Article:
On Monday, the Department of Justice (DOJ) admitted in a court filing that they had seized materials that may contain “attorney-client privileged information” during the FBI’s controversial raid on former President Trump’s Florida home.
“Although the government will provide the Court more detail in its forthcoming supplemental filing, the government notes that, before the Court issued its Preliminary Order, and in accordance with the judicially authorized search warrant’s provisions, the [FBI] Privilege Review Team … identified a limited set of materials that potentially contain attorney-client privileged information, completed its review of those materials, and is in the process of following the procedures set forth in paragraph 84 of the search warrant affidavit to address potential privilege disputes, if any,” the DOJ filing said.
The DOJ’s admission comes as U.S. District Judge Aileen Cannon considers whether to appoint an outside expert, known as a special master, to oversee the FBI’s review of materials seized during the August 8 riad on Mar-a-Lago. Trump’s legal team requested the special master last week, and Judge Cannon suggested over the weekend that she was leaning toward agreeing with the former president on appointing a special master.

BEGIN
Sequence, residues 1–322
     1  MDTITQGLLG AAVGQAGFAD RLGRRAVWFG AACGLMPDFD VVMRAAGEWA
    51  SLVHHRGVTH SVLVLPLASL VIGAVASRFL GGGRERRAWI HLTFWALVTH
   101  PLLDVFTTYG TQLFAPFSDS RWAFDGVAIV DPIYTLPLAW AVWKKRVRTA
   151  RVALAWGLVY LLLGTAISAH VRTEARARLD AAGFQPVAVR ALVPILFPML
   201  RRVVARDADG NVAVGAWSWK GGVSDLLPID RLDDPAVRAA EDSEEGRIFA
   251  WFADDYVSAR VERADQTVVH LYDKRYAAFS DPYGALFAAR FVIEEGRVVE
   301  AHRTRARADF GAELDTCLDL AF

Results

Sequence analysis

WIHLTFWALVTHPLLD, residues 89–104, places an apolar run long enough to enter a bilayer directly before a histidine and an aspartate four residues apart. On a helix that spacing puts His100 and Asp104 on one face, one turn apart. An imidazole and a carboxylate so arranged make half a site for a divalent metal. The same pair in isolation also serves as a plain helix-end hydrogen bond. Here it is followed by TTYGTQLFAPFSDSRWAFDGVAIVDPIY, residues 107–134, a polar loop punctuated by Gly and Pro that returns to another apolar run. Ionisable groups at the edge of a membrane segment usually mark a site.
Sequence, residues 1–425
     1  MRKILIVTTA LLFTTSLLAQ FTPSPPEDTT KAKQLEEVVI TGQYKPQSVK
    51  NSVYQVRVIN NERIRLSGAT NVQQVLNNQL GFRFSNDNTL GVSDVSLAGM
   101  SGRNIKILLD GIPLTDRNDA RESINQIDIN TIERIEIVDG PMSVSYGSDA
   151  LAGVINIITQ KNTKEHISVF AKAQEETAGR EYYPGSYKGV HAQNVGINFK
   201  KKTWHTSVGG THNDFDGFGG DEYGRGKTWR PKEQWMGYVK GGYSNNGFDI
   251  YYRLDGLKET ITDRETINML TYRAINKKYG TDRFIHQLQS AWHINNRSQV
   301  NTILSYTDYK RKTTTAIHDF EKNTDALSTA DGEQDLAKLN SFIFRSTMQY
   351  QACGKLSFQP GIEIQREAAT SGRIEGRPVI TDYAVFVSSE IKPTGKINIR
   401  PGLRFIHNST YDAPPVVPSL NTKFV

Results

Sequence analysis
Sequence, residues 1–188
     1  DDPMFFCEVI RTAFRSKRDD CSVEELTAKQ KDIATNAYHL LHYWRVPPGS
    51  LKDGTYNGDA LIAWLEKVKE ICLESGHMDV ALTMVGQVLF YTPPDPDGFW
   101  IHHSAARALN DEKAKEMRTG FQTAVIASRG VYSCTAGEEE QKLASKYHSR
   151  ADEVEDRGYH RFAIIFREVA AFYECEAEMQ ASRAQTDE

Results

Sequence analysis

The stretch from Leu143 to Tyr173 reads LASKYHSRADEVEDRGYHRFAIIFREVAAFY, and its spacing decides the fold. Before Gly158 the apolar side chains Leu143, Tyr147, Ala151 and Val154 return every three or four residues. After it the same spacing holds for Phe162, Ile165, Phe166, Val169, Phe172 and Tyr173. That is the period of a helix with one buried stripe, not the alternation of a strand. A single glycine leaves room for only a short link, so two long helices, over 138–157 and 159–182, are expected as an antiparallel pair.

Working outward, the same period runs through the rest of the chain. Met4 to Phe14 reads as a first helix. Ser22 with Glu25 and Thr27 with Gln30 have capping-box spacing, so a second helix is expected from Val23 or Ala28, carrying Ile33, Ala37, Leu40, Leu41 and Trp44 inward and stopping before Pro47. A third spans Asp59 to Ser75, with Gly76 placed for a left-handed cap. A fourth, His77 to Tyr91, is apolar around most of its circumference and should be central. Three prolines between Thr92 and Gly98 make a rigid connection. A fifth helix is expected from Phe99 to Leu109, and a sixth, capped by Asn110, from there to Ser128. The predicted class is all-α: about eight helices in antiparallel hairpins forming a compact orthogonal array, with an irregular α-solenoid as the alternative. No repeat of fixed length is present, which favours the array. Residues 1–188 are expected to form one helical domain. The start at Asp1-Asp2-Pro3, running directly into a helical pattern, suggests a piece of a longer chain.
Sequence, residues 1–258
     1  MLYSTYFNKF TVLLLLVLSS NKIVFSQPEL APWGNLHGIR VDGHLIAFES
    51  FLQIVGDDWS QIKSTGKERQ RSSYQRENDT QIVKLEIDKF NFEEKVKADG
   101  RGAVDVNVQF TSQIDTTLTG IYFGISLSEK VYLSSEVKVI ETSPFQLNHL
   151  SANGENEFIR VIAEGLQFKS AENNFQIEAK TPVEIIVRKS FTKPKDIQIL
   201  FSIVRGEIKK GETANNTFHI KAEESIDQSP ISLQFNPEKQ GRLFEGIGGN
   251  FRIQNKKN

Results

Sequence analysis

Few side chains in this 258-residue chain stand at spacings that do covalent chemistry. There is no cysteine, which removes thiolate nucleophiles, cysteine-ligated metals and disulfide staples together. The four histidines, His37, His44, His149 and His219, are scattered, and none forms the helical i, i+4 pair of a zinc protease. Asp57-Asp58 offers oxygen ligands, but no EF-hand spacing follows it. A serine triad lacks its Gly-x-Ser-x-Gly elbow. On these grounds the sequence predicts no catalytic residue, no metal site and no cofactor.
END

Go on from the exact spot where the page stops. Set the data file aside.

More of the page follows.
In a “preliminary order” on Saturday, Judge Cannon gave notice of her “preliminary intent to appoint a special master.” However, she called for additional steps to be taken before she makes a final decision on the appointment of a special master.
“In her order, Judge Aileen Cannon directed the government to respond to Trump’s motion by Aug. 30, and to submit with its response a “more detailed” description of the property “seized pursuant to the warrant” by the FBI from Trump’s Florida residence,” CBS News reported.
She requested a “particularized” description of “the status of the DOJ’s’ review of the seized property, including any filter review conducted by the privilege review team and any dissemination of materials beyond the privilege review team.”
Judge Cannon “has also asked both parties for their positions on the ‘duties and responsibilities’ of a special master. One logistical hurdle would be the selection of the special master. In this case, that individual would require a top security clearance, because at least some of the material collected in the Mar-a-Lago search includes sets of documents with a range of classifications from confidential up to ‘top secret,’” CBS News added.